I have a friend, 70 years, retired, he is making tons of money as a massage therapist . I hope this helps. Have I mentioned that there are more than 200 modalities in massage.

    Also check this site on touch. The Touch Institute in FL. It will go in details how powerful it is. It benefits so many people. Good Luck!

    by Sandra — February 10, 2016

  10. At times you cannot get past the initial application process ! Oftentimes the application *must* be made through either the company’s or the placement agency’s web portal. There are red asterisks alongside data entry boxes. These red asterisked questions are those you MUST answer….not optional…and if you don’t, the application goes no further and is thrown out. So….these questions may be encountered as follows:
    – Year you graduated from high school….. as if we are all that dumb not to see that this is the back-door way to age discrimination.
    – current salary. ( which is a totally irrelevant question. Salary is based on market-driven aspects of the job balanced against the candidate’s qualifications, education and experience. What you do now…and what salary you make now….has no bearing on all this, as a new applicant to a new job)..
    – expected minimum salary.
    I must say …getting to be a senior-age person is not a good place to be when angling for a job. All the more reason ( at least for senior professionals) to enter the marketplace as independent consultants…as I have. That said, this is a roller-coaster ride as to variability of income based on the work you can land….such that going for employment status still has some draw. I’ve tried this route to employment, and found it to be very discouraging and disheartening. All the more-so when you are advised to enter a field where you had no direct experience to broaden your chances, by being prompted to try anyway to promote your “transferable skill sets”. The sad truth is no one wants to “risk” taking you on or such a position where you had no direct experience, as there are enough folks who HAVE such experience competing against you …and even more because of your age. Altogether….a non-starter and very discouraging.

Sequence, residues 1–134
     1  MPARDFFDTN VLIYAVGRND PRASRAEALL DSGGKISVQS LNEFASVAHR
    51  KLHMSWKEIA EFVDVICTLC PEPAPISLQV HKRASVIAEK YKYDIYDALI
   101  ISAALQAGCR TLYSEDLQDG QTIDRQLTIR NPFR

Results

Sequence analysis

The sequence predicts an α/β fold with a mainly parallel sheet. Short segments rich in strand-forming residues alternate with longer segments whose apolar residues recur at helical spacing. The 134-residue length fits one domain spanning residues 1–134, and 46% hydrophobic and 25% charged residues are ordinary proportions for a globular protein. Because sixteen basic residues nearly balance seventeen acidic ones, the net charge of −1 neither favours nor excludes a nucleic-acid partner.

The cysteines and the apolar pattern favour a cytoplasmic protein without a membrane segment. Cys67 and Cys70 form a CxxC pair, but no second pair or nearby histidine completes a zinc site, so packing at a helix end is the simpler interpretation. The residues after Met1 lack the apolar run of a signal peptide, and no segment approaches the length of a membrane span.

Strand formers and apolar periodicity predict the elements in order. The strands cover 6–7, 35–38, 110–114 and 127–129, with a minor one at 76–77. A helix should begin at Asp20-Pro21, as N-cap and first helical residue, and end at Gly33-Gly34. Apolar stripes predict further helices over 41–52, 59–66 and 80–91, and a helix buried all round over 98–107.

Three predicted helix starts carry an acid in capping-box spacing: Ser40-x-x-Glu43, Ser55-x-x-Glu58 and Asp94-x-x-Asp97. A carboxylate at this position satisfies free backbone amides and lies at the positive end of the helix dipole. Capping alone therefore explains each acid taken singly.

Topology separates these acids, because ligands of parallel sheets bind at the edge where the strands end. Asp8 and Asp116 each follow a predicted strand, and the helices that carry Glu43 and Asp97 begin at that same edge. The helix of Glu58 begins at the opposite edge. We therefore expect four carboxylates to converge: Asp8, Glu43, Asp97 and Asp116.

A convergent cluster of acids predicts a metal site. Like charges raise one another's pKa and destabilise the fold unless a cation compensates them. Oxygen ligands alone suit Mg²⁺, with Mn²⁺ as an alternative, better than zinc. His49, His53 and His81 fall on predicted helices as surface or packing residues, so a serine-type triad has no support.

by Wil Ferch — February 10, 2016

  11. In addition to human massage, there are courses in small animal and large animal massage. I have heard some people rent space at Veterinarian offices, doggie day care or at grooming salons for dogs. Massage can help for rehabilitation (back, hip), arthritis and other dog or cat ailments. Plus, massages are done on horses and livestock.

    by Louise — February 10, 2016

  12. Previously posted comments are on point – network, network, network ! Get a LinkedIn account. Take a look at yourencore.com. As well, ritesite.com and bluesteps.com are worth a look. Instead of focusing in full time roles, use your expertise to consult or to work for a firm as a contractor. Those situations take advantage of your experience and avoid the age bias – and could lead to a full time situation.

    Good luck

    by Dave — February 10, 2016